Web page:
These chutneys can be slathered on bread to make Indian style sandwiches, sprinkled over dahi wadas and served as an accompaniment with samosas, kachoris and parathas. Indian chaats like bhel puri, sev puri, dahi batata puri are unthinkable without these chutneys with their many different flavours and tastes.
These two chutneys have a myriad different flavours and tastes and produce a variety of taste sensations on the palate. They also seem to have the six different tastes described by Ayurveda. The green chutney has the spicy (from the green chili), salty (from the salt) and astringent (from the lime and mint) tastes and the red chutney has the sweet (from the dates and jaggery), sour (from the tamarind) and bitter(though very slight, it arises from the cumin) tastes.
Years ago, I noticed a chaatwala on the streets of Mumbai adding peanuts to the green chutney. I tried using almonds here as I had an overdose of peanuts from all the laddus that I made for the various festivals. Almonds are just perfect here. But feel free to replace them with peanuts. This green chutney is not just vibrant in colour but also great in taste. I love eating this chutney with finger millet (ragi) dosa as well.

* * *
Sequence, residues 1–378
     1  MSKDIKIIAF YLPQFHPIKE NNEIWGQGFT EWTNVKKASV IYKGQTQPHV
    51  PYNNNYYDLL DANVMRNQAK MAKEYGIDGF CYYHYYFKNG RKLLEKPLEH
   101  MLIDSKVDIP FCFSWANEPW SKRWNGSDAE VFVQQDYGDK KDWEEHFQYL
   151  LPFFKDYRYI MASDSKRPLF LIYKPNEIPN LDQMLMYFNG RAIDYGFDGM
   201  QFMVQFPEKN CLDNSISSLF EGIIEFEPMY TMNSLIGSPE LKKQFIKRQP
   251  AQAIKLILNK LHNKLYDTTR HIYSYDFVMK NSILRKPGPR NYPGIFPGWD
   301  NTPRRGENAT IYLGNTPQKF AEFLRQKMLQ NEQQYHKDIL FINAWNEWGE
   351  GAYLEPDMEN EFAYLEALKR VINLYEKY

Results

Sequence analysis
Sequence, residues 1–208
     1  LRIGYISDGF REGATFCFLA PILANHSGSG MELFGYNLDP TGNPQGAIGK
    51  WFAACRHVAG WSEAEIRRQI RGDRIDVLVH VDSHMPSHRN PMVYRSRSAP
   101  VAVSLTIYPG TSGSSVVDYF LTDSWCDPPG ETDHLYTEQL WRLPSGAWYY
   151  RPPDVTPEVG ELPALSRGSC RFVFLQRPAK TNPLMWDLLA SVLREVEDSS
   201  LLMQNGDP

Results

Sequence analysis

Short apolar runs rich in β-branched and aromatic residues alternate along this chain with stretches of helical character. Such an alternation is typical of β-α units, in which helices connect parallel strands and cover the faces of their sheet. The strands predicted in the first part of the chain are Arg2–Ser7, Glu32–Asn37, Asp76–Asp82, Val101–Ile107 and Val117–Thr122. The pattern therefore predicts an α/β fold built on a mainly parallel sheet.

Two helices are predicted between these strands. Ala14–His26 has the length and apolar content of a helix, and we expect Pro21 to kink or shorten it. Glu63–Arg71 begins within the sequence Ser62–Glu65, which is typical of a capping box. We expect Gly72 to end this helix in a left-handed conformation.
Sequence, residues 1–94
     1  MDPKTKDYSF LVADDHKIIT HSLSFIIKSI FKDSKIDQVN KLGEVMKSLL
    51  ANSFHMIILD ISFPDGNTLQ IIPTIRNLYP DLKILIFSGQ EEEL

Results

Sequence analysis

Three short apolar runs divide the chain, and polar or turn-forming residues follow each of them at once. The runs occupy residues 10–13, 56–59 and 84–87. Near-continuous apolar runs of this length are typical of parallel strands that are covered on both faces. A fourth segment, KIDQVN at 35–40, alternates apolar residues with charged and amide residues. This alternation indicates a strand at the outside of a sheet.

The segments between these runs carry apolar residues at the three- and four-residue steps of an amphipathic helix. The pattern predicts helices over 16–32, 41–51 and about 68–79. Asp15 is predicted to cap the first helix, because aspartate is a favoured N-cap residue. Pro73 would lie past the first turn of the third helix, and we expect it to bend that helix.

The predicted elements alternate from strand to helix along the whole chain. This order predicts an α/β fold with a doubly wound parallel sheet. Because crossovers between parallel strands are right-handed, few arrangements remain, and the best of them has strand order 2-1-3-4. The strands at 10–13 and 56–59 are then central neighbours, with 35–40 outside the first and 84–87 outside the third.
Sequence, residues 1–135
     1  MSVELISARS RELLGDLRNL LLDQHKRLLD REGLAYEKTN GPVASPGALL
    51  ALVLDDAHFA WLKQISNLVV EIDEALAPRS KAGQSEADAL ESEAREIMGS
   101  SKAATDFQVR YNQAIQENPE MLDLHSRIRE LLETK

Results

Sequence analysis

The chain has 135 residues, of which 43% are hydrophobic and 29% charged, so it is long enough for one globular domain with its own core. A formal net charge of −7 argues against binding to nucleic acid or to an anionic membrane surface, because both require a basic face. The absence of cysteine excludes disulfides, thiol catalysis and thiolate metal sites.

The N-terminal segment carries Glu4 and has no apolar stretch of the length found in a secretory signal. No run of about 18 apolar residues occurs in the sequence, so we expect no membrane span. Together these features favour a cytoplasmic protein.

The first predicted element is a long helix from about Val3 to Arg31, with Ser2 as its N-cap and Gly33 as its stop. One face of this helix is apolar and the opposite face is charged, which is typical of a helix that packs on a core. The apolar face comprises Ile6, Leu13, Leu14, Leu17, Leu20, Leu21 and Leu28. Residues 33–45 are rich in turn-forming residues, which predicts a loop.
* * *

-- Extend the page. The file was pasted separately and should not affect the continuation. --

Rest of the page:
The date and tamarind chutney is smooth and sweet with a gorgeous velvety texture. It is sweet, sour, salty and a little spicy as well. You can imagine the zesty character of this chuntey with all these taste factors in the picture. It can perk up many meals and take them several notches further. This chutney freezes well, so of you make a large batch you can freeze it in several containers.
You can savour these chutneys individually or serve them together to experience the many different flavour quotients provided by them. You can also make them to the consistency that you desire depending on your taste or the suitability for the dish in question. And depending on that you can keep the chutney thick and smooth or thin it down with water, adjusting the spices accordingly to liquefy it further. The spices used in these chutneys help to digest the heavier accompaniments like pakoras, vadas, chaats and parathas.